Within the building, the design provides a clear intuitive way to navigate through the building. The use of natural daylight, tactile materials, and contrast as related to wide-open spaces for large gathering, or small nooks for small gathering, also contribute to guiding occupants through the building in an effective and experiential way.
The Main Lobby is the first space that a visitor, student, or community member will experience within the new building so it is important the spaces are inviting, exciting, light filled, and comfortable. The space functions as a central node and interior landmark for interior way finding.
A major component of the building is the Multipurpose Room. The intention of this space is to provide an area to support community events such as banquets, gatherings, and pickle ball tournaments.
This room includes a mobile stage area that can be located at various positions within the room and is divisible with partition walls. The Multipurpose Room has frontage on the large exterior plaza through large curtain wall of glass.
The classrooms and Lecture Hall have been programmed to accommodate high quality learning and a collaborative/interactive environment for a variety of types of teaching pedagogy including traditional (face to face), broadcast (originating/ receiving), online, and hybrid (asynchronously/synchronously). Classes are generally in the evening and can last from 2.5 hours to 5 hours so the program has included provisions for comfortable seating arrangements. The Lecture Hall will primarily be used for community events.
The general space design includes various study nooks throughout the building for students to use for individual or group study.
BRIGHAM CITY, UTAH and SURROUNDING AREA
The Northwestern Shoshone Tribe established many migratory paths throughout the west that included this area of Utah for hunting, fishing, and natural harvesting. The Northwestern Band of the Shoshone Tribe continues to have a presence in Box Elder County today.
The first group of European settlers to arrive in Brigham City were led by William Davis in 1851. The difficulties of settling this new community were numerous but circumstances improved as the town grew. Many of the merchants united their businesses for the benefit of the community through cooperative living. The Cooperative offered a wide variety of services and thrived until the late 1870s.
The Golden Spike Monument in Promontory, Utah recalls the joining of the Central Pacific and Union Pacific railroads in 1869. The track took six years to construct and would change the United States forever by facilitating expansion to the west. Coast to coast travel time was reduced from six months to one week.
The Bushnell Hospital was built in 1942 and brought a significant boost to the Brigham City economy. The hospital specialized in wartime related illness and injuries including amputation, malaria, neurology, and psychology. As one of the largest military hospitals in the country, it had state of the art equipment and served thousands of wounded soldiers. The 60-building facility sat on 235 acres and was in service for only four years, but had a lasting impact on the community. Once discontinued, the buildings sat empty for roughly three years until the Intermountain Indian School was established.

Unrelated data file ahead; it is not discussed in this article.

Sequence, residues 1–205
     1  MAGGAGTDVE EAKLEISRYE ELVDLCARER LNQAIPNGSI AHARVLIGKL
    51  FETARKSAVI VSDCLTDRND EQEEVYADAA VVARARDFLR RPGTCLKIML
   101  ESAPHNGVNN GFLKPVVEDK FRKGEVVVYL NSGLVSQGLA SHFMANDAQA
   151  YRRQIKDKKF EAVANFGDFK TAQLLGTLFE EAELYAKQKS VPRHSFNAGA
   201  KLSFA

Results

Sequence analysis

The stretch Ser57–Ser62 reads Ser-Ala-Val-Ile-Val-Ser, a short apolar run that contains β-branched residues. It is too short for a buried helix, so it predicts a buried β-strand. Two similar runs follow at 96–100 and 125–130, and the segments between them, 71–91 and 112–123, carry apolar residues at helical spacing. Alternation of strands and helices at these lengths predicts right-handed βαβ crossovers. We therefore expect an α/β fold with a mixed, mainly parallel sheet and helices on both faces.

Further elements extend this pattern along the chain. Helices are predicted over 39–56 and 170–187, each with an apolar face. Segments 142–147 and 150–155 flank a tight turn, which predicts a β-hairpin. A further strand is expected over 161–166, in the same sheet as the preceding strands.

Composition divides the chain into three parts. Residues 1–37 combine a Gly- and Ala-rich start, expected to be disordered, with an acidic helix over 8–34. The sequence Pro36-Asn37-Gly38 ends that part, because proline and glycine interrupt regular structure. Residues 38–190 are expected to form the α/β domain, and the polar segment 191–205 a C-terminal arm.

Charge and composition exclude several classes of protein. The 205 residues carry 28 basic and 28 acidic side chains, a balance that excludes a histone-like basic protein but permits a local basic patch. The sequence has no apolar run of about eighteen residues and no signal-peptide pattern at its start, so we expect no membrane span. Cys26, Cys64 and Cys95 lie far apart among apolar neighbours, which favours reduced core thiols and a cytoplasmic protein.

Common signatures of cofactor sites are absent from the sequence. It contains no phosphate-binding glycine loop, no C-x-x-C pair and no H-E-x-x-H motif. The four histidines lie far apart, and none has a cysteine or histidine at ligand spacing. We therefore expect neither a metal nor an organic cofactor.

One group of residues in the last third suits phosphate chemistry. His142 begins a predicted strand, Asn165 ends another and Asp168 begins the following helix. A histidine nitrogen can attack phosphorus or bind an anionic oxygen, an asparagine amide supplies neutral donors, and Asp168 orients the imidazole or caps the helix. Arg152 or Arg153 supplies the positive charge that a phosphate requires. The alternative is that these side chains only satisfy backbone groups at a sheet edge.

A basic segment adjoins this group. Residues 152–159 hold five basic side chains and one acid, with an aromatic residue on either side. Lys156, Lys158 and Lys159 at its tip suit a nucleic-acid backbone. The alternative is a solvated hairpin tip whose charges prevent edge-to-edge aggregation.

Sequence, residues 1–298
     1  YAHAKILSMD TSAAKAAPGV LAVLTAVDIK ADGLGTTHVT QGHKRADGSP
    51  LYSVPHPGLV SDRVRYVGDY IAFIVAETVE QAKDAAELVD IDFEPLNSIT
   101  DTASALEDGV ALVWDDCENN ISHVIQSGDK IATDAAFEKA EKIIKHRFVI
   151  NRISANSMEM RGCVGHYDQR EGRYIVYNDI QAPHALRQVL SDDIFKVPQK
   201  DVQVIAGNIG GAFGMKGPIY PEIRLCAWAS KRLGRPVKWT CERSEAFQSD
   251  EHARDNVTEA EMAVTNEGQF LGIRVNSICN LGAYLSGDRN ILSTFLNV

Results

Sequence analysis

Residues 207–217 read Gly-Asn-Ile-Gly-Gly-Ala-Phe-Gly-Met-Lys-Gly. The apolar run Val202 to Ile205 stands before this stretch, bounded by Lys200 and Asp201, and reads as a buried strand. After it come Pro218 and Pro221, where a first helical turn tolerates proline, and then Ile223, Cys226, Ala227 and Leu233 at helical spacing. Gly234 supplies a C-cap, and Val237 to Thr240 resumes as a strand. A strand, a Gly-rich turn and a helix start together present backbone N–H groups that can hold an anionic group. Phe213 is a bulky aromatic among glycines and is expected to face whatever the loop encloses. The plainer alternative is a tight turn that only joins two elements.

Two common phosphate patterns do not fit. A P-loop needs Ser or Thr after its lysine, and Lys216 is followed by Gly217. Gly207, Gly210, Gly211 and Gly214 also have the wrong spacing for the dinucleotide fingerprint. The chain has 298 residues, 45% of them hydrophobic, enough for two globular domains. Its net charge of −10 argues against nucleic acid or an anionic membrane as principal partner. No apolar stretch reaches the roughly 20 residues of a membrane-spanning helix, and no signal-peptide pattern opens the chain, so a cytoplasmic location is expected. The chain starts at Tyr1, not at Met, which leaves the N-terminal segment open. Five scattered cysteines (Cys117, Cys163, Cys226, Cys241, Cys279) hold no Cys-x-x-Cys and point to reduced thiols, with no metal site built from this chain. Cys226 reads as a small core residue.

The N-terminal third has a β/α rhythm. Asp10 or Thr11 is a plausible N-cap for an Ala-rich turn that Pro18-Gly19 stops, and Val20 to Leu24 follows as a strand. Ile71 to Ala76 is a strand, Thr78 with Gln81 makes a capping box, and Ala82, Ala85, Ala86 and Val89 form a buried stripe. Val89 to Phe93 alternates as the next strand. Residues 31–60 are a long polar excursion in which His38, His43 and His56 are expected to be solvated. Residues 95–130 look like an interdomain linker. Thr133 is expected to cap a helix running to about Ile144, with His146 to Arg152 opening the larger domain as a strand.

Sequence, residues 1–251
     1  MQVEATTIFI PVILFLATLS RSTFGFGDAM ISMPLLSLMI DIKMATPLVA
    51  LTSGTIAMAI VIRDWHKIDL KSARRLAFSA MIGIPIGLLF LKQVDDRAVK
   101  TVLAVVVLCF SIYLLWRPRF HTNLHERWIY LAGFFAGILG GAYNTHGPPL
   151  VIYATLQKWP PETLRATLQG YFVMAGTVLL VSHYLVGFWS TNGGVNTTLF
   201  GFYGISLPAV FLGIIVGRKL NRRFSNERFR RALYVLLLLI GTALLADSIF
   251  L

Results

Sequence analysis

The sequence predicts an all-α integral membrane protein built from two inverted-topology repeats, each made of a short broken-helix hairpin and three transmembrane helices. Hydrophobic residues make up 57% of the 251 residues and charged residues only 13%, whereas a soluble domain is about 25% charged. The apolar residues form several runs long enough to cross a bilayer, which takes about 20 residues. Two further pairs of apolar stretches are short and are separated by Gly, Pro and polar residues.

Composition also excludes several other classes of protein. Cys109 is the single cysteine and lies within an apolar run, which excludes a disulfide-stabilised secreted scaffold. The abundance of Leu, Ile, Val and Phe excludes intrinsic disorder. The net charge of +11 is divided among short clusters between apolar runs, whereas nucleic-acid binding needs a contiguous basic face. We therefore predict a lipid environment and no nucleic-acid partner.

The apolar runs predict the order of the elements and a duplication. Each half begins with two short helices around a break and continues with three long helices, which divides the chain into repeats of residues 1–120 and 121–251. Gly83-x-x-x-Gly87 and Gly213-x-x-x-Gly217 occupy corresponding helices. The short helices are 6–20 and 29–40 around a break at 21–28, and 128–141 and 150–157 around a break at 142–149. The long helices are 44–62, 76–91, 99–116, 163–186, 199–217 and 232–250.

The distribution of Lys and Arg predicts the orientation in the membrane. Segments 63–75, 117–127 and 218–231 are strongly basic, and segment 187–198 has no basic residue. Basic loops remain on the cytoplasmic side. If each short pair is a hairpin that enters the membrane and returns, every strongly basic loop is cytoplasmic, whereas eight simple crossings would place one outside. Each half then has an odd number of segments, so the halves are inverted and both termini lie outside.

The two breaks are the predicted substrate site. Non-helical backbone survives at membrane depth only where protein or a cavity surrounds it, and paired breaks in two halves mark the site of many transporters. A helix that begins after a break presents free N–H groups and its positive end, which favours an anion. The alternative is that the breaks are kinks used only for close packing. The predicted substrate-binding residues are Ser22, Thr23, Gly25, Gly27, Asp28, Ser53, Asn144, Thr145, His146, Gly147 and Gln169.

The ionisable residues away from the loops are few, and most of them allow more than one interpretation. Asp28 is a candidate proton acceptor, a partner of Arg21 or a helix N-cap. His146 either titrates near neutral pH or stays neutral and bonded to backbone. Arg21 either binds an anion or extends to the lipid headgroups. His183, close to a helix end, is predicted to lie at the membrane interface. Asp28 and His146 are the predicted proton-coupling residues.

The Intermountain Indian School served Navajo students from the southwest for the first 24 years then changed its name to Intermountain Inter-Tribal School and welcomed students from almost 100 different Native Tribes from across the country. Elementary through high school levels were taught in addition to other types of vocational training. The campus was like a small community where students would live throughout the school year. The facilities included a swimming pool, theater, medical facility, printing press, and bowling alley. As federal policy on education changed and enrollment declined, the school was closed in 1984 after operating for almost 25 years. Many of the buildings would then sit vacant for nearly 30 more years before being demolished
Robert Smithson’s Spiral Jetty is on the northeastern side of the Great Salt Lake in water that has a red tone from bacteria and algae. The work was built in 1970. The combination of black basalt rocks and earth from the site creates a clockwise coil 1,500 feet long and 115 feet wide. The Spiral Jetty is submerged when the lake level rises but has been well above water level for the last ten years.
Brigham City's outstanding distinguishing factor is quality of life. Residents and visitors both describe it with a variety of terms such as "small-town atmosphere," or "hometown feel." Brigham City offers a picturesque location at the foot of the Wellsville Mountains, tree-lined streets, historic architecture, adjacent wildlands, and outdoor recreation areas. Our parks and recreation programs offer year-round activities for all ages. Brigham City has a pleasant, four-season climate.
World class artistic and cultural offerings are available both at home and nearby. The annual Brigham City Heritage Arts Festival is a popular event highlighting the various periods in Brigham City's history. The Brigham City Museum offers a variety of traveling exhibits as well as a permanent collection of artwork that is regularly displayed. The Heritage Theater, in nearby Perry, offers live productions drawing on local and regional talent.